Can you "force" a hen into broodiness?

Discussion in 'Chicken Behaviors and Egglaying' started by BJ, Dec 17, 2007.

  1. BJ

    BJ Songster

    Mar 20, 2007
    I have 1 hen who is at the bottom of the pecking order. I brought her inside because she was badly attacked last night. I thought perhaps I could let her set on eggs to raise a brood. Can I somehow "force" her to set? I don't have a rooser and I don't have an incubator. I would have to order eggs. She is a D'uccle mille fleur bantam. Would she be able to set on standard size eggs?
  2. Hi, If she was badly attacked, she wont be in any mood to rear young. They will go broody in a SAFE environment only.
    Now she may relax in a couple of weeks or less.
    Not sure how cold it is over there, however if she starts to lay eggs, just leave then there and see if she does go broody.
    If she does just put 4 or 5 standard eggs under her, she cant fit any more and they will chill and not be viable.
    Good luck and I hope she isnt hurt, Is she the only mille fleur in your flock?? you may need to separate her and make sure she gets a good meal too.
  3. BJ

    BJ Songster

    Mar 20, 2007
    I brought her inside and treated her. She has some scabs and raw spots on her head and comb. She is eating, drinking and resting, but she is lonely. I just don't think I should put her back out in the least until her scars heal over. I am not really equipped to have an "inside" chicken...and I'm not sure what to do with her. She is in the pet carrier right now, and she is pretty vocal about it. She is just the sweatest thing, and I would love to give her babies to raise. I feel like I need to re-home the Sebright that attacked her. Not sure what to do....
    Last edited: Dec 17, 2007
  4. Queen of the Lilliputians

    Queen of the Lilliputians Songster

    Apr 5, 2007

    I'm in a similar situation. My bottom-rung d'Anvers chicken, Jane, just hasn't been happy in the coop since we got her (3 mos ago). Last night the temp was down to 5, everybody was safe and toasty in the henhouse.. except Jane. She was perched in the run, cold and alone. She has been campaigning for house-chicken status for months (tried to follow me out of the henhouse one night into the pitch dark, freezing cold). I'm at the point with Jane that I'm thinking I'll just keep her in here until spring, and see then.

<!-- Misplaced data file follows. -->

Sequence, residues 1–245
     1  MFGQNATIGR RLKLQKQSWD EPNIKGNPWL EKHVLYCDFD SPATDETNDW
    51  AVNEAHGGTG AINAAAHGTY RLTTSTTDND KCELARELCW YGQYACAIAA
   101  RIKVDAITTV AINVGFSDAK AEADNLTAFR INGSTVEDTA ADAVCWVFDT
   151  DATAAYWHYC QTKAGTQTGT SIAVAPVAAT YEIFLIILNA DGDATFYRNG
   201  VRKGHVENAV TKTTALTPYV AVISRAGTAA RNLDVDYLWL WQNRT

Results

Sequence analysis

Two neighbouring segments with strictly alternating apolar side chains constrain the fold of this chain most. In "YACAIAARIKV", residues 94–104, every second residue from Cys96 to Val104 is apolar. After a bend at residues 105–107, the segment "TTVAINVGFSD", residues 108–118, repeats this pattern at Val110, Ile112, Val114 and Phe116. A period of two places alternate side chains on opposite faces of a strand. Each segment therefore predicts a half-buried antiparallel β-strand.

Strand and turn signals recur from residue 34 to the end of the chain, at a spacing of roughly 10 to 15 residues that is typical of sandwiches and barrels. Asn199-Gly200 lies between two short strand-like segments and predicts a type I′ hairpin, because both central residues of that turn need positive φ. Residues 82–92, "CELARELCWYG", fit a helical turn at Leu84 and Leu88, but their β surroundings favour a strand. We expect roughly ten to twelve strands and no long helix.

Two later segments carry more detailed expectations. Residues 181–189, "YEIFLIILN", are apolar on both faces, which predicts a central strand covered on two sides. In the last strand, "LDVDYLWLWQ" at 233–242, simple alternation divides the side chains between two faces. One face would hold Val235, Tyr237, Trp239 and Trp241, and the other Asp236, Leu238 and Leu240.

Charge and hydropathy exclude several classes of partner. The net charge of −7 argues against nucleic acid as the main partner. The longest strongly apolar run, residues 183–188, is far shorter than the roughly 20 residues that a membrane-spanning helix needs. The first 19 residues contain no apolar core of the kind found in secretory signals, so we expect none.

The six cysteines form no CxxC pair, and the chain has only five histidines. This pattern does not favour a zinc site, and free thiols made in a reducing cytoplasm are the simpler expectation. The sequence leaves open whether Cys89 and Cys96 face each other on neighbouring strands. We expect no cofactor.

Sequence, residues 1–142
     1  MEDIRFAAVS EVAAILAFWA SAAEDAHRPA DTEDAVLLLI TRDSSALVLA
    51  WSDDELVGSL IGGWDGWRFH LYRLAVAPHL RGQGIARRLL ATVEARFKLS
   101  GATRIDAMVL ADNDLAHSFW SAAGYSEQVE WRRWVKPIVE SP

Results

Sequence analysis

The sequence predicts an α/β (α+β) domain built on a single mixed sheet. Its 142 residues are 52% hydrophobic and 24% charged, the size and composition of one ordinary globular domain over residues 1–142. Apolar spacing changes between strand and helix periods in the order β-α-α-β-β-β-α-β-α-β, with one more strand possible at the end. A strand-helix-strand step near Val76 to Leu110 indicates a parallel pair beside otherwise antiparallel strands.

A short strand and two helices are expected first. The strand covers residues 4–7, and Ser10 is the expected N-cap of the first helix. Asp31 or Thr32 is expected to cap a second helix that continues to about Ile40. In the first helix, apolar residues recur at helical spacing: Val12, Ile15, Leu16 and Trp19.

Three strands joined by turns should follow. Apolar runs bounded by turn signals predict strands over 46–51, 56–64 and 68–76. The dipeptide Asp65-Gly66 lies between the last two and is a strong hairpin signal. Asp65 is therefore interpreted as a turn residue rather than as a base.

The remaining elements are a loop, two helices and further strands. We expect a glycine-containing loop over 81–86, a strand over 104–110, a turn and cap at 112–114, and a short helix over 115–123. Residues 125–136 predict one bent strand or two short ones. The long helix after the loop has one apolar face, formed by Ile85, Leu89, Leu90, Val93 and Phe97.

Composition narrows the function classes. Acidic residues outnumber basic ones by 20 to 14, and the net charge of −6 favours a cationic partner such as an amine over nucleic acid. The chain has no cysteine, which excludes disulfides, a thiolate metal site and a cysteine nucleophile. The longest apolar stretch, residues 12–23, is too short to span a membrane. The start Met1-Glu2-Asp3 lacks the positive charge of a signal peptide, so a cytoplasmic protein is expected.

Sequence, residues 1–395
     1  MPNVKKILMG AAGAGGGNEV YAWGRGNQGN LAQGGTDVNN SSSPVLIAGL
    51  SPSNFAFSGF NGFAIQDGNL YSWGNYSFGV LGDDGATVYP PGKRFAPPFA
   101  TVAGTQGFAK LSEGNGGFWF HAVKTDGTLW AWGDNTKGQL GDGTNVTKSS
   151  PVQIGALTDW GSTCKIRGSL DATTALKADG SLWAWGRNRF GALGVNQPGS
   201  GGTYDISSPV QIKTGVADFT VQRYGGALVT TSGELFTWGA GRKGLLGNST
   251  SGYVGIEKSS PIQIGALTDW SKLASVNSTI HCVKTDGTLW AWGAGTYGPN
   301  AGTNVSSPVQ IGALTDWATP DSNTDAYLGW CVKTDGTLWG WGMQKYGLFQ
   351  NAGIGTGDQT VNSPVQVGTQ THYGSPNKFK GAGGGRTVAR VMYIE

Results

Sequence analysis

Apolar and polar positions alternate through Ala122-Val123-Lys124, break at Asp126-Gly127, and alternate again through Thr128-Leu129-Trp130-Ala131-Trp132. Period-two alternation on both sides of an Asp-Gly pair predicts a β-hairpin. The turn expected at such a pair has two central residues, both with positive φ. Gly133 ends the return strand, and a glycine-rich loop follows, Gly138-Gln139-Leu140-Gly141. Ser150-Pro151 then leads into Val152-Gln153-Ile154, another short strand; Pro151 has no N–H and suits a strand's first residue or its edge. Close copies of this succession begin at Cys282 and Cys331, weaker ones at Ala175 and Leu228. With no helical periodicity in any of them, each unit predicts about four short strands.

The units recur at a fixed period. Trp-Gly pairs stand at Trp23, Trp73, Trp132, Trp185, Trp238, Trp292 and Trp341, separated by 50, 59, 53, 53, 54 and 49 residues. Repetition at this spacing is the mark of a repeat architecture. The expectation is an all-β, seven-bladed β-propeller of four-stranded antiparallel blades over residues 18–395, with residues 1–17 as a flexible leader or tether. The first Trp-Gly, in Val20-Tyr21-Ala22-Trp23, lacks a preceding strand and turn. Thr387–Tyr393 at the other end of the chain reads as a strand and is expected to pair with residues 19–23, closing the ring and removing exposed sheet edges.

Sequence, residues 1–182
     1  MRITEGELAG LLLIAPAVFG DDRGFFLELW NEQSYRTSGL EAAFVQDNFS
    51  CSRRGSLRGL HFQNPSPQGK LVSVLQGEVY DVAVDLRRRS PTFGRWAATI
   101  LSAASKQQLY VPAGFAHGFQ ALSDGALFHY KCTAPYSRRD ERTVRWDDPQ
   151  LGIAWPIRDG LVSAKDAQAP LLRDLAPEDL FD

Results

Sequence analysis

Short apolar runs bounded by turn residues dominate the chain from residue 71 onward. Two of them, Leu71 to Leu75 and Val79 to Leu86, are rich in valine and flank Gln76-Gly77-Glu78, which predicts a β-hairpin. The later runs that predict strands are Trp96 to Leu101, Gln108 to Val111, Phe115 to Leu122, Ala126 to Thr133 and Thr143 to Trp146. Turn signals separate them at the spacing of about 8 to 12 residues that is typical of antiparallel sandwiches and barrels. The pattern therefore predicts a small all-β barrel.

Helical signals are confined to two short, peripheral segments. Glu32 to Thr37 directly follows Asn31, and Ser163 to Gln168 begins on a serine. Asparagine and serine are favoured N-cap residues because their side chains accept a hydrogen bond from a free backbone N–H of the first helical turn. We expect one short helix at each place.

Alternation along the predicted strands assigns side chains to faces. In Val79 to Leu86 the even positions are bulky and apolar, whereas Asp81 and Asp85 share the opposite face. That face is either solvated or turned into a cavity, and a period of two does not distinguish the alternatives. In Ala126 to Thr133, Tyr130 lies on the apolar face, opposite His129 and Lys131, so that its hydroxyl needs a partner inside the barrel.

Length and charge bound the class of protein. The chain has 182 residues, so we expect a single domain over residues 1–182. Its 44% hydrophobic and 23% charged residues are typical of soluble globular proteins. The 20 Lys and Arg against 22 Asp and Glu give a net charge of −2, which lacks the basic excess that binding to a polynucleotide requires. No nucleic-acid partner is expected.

Luckily, I have two young (6wks) bantams inside anyway for that long, and a few eggs growing in the incubator. Hopefully I'll be able to make a mini-flock out of these guys with Jane. It stinks, I didn't really WANT her in the house (love her, love my other chickens.. but just don't think of my chickens as 'house' pets). But I suppose she's made up her mind. I set her up in a box last night with food and water, she hopped out and attempted to go exploring down the hallway. Actually, she doesn't seem to be upset that she doesn't have any real company except us.

    Not much advice to give, since I don't even know how I'm handling this (glad my dh is patient with my chicken addiction!), but I feel your pain!

  5. BJ

    BJ Songster

    Mar 20, 2007
    It's good to know I'm not alone. I'm not sure how to have a "house chicken" right now...but she actually seems to be enjoying the one-on-one time with us! She sounds like Jane's soul-mate! I'm really toying with this idea of making her a mother. I've been wanting Buff Orps. The only problem is that I want hens, and my luck, we would end up with a bunch of boys!! If I could just get her to "go broody", then I might look into getting some Buff Orp eggs (I just wish it wasn't the start of a long, cold winter).

    Thanks for your does mean a lot to me to know there are others out there who feel my pain!

  6. How long have you had the seabright? perhaps it would be kind to your little hen to rehome the nasty one so she can go back outside without threats of violence.
    This is very common, Ive had to rehome a fave hen because she was nasty.
    Good luck.
  7. rooster-red

    rooster-red Here comes the Rooster

    Jun 10, 2007
    Douglasville GA
    You can't force her to be broody.
    You can make her fell as comfortable and safe as possible and the urge just might kick in if you are extremely lucky.
  8. bigzio

    bigzio Crowing

    Jan 20, 2007
    Yep, being broody is a instinct and nothing can be done to encourage it.
    Sometimes people think they helped the process along with wooden eggs or leaving the eggs in the nest, however if the hen was going broody, she did it her own and nothing helped.....


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